Grover Joseph Rees, a native and resident of Louisiana, served as the first United States Ambassador to East Timor from 2002 to 2006.
From October 2006 until January 2009 Ambassador Rees served as Special Representative for Social Issues in the U.S. Department of State. He was responsible for promoting human dignity, including issues affecting vulnerable persons and the family, within the United Nations system. He served as Acting U.S. Representative to the United Nations Economic and Social Counsel during the fall 2007 session of the UN General Assembly and also served as Deputy Assistant Secretary for International Organizations.
From 1995 until 2002 Rees was a senior staff member on the Foreign Affairs Committee in the United States House of Representatives, where he was responsible for human rights and refugee protection and played a major role in the drafting and enactment of important human rights legislation including the Trafficking Victims Protection Act, the International Religious Freedom Act, and the Torture Victims Relief Act.
Ambassador Rees also formerly served as General Counsel of the United States Immigration and Naturalization Service (1991-93), as Chief Justice of the High Court of American Samoa (1986-1991), and as Special Counsel to the Attorney General of the United States (1985-86).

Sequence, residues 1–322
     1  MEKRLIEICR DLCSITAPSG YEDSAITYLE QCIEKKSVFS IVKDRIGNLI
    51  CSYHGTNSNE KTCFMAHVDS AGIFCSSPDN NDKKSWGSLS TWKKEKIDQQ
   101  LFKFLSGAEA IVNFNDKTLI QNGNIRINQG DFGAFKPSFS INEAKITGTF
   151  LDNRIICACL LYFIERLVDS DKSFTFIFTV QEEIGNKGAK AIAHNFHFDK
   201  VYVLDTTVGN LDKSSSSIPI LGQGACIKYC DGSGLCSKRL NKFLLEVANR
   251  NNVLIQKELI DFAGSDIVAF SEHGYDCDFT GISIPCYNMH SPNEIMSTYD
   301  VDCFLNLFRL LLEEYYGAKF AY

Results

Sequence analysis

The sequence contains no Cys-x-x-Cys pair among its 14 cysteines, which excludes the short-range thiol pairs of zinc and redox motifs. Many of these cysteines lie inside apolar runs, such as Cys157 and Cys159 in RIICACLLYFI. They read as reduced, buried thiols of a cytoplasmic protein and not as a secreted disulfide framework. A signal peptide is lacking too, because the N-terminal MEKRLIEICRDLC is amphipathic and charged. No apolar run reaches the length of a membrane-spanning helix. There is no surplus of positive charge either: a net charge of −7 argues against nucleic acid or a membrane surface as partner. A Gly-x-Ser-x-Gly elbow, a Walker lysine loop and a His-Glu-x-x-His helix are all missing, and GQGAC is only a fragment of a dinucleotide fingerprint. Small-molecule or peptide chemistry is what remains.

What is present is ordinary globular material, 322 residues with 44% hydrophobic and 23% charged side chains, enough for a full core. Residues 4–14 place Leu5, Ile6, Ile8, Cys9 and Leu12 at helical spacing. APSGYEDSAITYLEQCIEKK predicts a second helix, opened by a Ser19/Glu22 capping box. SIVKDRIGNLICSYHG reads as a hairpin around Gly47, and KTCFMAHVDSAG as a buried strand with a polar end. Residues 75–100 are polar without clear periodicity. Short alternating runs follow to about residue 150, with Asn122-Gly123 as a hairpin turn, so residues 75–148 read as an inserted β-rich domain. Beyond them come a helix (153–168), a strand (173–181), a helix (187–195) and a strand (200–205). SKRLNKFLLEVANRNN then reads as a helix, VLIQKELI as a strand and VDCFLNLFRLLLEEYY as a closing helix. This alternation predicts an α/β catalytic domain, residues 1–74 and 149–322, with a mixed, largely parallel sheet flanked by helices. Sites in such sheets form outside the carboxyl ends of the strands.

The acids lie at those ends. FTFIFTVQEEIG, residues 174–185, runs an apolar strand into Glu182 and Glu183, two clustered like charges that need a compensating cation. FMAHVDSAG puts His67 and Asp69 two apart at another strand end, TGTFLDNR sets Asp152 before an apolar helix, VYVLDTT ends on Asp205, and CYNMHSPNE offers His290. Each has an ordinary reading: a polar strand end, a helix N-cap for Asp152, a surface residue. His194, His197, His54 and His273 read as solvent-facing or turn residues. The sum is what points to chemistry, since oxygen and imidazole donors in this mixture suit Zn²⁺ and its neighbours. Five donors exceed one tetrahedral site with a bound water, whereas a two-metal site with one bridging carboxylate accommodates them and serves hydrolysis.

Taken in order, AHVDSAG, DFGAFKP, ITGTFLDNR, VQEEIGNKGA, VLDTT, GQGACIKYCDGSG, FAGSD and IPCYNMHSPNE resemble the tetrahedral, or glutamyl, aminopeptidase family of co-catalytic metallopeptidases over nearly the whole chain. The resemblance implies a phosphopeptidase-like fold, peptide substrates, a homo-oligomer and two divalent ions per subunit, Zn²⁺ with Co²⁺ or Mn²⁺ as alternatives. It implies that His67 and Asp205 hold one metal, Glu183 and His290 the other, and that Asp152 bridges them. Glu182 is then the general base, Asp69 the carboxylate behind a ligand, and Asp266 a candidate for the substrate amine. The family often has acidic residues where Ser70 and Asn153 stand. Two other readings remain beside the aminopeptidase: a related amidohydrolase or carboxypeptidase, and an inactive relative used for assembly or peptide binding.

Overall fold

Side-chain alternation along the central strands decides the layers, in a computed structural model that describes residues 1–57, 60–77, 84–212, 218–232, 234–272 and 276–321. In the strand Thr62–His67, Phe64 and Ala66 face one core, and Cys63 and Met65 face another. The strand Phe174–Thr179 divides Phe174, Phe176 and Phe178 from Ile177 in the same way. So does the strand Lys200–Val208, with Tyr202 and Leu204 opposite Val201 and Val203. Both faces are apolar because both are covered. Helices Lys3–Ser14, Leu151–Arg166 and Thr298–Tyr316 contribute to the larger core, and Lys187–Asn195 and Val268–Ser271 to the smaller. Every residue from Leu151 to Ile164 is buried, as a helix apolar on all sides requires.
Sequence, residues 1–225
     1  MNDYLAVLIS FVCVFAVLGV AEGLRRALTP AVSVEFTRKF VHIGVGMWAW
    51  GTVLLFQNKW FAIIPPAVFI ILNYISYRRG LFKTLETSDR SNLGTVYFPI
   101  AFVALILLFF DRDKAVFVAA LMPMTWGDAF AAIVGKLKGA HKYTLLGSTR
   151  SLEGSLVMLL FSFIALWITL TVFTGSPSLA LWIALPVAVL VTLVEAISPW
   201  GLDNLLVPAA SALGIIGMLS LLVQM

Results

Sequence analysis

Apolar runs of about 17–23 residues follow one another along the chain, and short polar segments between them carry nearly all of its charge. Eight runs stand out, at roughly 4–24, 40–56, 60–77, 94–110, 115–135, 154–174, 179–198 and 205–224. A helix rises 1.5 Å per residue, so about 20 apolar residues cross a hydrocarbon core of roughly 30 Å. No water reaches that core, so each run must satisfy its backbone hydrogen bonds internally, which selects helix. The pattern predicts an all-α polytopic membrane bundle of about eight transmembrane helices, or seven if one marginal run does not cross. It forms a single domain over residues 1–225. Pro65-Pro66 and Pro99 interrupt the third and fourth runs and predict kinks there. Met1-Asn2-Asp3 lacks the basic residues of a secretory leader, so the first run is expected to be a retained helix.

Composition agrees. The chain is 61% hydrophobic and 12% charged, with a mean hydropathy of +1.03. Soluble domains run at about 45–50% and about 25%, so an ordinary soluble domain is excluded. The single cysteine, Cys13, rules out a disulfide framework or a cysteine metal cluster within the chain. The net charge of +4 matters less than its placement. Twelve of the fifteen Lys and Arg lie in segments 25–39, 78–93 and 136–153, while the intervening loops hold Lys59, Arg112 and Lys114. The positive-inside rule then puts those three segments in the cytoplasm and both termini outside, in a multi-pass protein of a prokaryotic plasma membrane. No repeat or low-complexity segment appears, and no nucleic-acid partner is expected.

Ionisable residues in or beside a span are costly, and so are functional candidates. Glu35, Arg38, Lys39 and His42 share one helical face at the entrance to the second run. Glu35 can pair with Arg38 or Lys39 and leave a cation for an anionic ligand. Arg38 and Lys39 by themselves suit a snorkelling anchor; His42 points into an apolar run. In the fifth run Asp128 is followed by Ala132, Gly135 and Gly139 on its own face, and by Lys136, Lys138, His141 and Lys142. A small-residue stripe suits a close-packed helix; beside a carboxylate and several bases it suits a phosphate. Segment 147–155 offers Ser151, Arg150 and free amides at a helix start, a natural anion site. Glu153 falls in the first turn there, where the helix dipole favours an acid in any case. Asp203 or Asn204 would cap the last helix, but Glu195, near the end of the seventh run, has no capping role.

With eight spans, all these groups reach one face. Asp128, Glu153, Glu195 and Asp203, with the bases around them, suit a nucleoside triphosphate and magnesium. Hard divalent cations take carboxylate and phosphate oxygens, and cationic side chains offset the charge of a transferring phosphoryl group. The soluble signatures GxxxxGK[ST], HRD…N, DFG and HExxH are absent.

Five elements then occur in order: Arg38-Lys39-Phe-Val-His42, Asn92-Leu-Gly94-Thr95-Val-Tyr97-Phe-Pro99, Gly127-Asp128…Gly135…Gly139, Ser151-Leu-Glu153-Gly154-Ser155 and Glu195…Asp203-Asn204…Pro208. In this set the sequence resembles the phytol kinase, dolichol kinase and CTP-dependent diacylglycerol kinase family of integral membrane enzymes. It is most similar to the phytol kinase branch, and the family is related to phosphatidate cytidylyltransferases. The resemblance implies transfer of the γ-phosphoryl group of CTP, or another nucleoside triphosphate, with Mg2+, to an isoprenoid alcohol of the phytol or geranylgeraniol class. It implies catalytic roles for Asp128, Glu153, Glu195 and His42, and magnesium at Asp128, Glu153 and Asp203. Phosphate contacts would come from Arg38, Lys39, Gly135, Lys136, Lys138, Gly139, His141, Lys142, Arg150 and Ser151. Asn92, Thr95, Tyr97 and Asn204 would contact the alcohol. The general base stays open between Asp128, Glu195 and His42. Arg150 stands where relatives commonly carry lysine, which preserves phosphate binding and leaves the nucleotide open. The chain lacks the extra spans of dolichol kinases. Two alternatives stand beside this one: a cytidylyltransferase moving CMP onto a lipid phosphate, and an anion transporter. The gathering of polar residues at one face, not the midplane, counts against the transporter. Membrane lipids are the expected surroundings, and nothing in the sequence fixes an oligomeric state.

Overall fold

Prior to his work in Washington, Rees served for seven years as a law professor at the University of Texas. He has written and spoken widely on international law, human rights, refugees, and related issues.
Rees obtained his undergraduate degree from Yale University and his law degree from Louisiana State University Law School, where he served as Editor in Chief of the Louisiana Law Review and was selected for the academic honor society Order of the Coif.
Rees was born in New Orleans, the oldest of 12 children. He is married to Lan Dai Nguyen Rees and has one son. He retired from government service in January 2009 and now lives and works in Lafayette, Louisiana.
In addition to English, Ambassador Rees speaks French, Spanish, Portuguese, Samoan, and Tetum.
San Juan, Puerto Rico 00909
Immigrants, Anti-Immigrants, & Americans: Why Americans Should Support Traditional American Generosity Toward Immigrants & RefugeesBaker Courtroom, UND Law School 3rd Floor
New Orleans, Louisiana
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